Computer science is considered the fastest growing area for employment. Entry-level salaries range between $30,000 and $60,000. Most businesses and industries have computer-centered positions and the teaching of computer science in high schools and colleges is also greatly in demand.

Career Listings

  1. Indeed.com - Consolidated jobs listings and search.
  2. IU Southeast Career Development Center

Professional Organizations

  1. Association of Computer Machinery
  2. IEEE Computer Society
 

Resident

Faculty Bio Thumbnail
John F. Doyle
Associate Professor of Comp Sci
Coordinator of Computer Sciences
jfdoyle@ius.edu
Phone: (812) 941-2195
Office Location: LF 112
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Faculty Bio Thumbnail
Ronald B. Finkbine
Associate Professor of Computer Science
rfinkbin@ius.edu
Phone: (812) 941-2264
Office Location: LF 124
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Faculty Bio Thumbnail
Carolyn D. Granda
Lecturer of Computer Science
cgranda@ius.edu
Phone: (812) 941-2154
Office Location: LF 118
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Faculty Bio Thumbnail
Suranga Hettiarachchi
Assistant Professor of Computer Science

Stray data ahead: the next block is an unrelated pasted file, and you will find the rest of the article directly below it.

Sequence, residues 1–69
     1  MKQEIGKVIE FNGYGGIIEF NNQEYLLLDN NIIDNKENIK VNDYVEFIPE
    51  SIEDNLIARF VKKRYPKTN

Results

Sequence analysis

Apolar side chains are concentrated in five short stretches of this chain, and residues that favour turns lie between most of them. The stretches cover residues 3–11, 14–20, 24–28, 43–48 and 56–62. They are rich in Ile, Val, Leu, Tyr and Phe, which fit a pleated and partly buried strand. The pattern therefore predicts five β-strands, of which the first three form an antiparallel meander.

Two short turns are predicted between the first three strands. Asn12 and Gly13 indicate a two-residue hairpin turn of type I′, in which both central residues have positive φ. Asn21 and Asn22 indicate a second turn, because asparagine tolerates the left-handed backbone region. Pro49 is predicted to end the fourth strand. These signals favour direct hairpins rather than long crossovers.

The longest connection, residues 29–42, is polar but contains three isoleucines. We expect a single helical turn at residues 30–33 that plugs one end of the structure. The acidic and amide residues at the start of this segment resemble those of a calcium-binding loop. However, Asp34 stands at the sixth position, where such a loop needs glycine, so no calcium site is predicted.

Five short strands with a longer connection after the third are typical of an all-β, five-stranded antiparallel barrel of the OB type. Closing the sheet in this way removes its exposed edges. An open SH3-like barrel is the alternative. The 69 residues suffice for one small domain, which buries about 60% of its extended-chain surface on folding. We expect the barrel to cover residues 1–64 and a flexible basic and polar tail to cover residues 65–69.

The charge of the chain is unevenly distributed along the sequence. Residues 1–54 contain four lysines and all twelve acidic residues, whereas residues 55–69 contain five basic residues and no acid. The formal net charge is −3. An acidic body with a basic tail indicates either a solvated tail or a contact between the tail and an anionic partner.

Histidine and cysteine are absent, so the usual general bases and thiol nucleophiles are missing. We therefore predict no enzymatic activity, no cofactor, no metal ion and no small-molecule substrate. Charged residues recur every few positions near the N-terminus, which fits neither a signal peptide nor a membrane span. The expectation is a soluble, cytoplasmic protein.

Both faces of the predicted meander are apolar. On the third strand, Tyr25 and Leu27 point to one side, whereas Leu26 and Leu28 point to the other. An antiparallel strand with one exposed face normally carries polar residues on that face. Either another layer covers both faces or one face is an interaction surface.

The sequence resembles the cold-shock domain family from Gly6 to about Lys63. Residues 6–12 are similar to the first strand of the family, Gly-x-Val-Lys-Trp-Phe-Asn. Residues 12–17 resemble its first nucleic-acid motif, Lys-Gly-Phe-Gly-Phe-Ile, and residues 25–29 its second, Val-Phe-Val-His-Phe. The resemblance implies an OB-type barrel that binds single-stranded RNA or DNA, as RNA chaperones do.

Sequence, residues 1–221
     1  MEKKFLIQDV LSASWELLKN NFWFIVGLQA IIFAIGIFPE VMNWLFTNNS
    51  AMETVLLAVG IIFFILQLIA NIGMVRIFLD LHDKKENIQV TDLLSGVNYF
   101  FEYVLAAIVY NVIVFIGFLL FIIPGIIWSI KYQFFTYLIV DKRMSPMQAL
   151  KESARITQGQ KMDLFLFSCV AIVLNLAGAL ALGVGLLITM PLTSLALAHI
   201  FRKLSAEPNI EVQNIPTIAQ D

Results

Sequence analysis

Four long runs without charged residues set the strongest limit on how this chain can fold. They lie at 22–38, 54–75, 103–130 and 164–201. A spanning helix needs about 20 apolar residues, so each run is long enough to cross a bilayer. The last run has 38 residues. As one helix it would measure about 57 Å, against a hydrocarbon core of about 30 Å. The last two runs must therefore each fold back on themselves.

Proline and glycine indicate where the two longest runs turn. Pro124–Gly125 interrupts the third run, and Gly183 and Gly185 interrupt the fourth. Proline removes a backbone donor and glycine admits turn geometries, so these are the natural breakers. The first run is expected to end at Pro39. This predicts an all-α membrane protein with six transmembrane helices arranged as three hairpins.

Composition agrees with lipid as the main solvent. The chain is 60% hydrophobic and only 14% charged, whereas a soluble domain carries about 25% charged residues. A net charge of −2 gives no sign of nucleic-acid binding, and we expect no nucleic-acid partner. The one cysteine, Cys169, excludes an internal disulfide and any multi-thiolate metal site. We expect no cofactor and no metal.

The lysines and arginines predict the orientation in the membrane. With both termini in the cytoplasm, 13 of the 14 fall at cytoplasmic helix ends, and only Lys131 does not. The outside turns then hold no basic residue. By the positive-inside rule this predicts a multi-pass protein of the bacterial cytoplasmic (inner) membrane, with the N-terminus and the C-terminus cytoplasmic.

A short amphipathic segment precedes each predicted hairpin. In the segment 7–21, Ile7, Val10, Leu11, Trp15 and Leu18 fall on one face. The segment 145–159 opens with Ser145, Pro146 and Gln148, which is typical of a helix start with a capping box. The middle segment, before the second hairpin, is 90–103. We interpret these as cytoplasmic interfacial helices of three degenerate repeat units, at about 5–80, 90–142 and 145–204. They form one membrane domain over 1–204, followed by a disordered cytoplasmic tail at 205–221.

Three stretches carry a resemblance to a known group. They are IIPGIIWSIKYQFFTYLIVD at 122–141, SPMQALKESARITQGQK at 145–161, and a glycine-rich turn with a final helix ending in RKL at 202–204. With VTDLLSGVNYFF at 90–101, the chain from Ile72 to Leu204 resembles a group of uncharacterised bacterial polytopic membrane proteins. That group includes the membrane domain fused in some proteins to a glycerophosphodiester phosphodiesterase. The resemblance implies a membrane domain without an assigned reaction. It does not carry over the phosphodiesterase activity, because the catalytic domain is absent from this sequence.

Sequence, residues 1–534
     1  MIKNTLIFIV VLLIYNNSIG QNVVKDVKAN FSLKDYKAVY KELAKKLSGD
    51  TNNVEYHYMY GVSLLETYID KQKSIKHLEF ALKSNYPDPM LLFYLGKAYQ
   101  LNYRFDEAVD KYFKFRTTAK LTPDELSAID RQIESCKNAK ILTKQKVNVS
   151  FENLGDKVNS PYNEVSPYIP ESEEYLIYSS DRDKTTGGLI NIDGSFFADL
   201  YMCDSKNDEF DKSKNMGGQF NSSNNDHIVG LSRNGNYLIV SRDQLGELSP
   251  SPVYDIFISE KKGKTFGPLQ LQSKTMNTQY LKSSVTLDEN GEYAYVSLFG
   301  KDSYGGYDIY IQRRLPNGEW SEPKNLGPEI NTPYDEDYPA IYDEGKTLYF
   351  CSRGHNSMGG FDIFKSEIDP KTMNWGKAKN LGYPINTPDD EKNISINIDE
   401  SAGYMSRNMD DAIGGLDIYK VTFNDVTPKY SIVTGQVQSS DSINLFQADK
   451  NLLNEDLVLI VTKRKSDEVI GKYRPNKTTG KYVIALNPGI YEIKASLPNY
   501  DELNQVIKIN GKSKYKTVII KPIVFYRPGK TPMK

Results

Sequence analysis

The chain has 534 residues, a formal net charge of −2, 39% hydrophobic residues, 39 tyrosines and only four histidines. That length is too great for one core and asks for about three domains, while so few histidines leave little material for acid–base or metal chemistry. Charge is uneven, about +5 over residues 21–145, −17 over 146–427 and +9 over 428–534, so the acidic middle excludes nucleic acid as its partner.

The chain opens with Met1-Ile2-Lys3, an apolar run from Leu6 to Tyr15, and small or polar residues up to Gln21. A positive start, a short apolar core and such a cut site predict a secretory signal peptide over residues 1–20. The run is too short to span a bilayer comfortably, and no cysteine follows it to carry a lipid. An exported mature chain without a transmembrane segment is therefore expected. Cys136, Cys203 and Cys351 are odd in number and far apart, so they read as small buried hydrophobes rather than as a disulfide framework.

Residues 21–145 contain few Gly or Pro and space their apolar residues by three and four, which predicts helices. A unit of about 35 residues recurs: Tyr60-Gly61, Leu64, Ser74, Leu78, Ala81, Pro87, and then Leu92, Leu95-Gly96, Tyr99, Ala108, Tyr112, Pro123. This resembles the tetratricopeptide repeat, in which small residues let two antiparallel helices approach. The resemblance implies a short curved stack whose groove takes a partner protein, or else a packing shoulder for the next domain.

suhettia@ius.edu
Phone: (812) 941-2698
Office Location: LF 114
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Faculty Bio Thumbnail
Joseph E. Hollingsworth
Professor of Computer Science
jholly@ius.edu
Phone: (812) 941-2425
Office Location: LF 108
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Faculty Bio Thumbnail
Ghansham M. Manwani
Senior Lecturer of Computer Science
gmanwani@ius.edu
Phone: (812) 941-2678
Office Location: LF 116
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Faculty Bio Thumbnail
Chang O. (Chris) Sung
Associate Professor of Computer Science
cosung@ius.edu
Phone: (812) 941-2138
Office Location: LF 110
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Faculty Bio Thumbnail
Raymond F. Wisman
Associate Professor of Computer Science
rwisman@ius.edu
Phone: (812) 941-2465
Office Location: LF 122
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Visiting

Faculty Bio Thumbnail
Robert Walsh
Visiting Lecturer of Computer Science
bwalsh@ius.edu
Office Location: LF 161B
View Bio

CSCI-A 121 Cyberspace Influences on Privacy, Security and Society (3 cr.)
Examines the impacts of computerization in the United States. From family life, private organizations, and public organizations to government at all levels, computerization is affecting and creating the complex interdependencies between technology and social groups. We will survey recent changes to many topics, including intellectual property rights, e-government, online security, online privacy, digital currency, online gambling, universal access, online education, medical devices, and media convergence.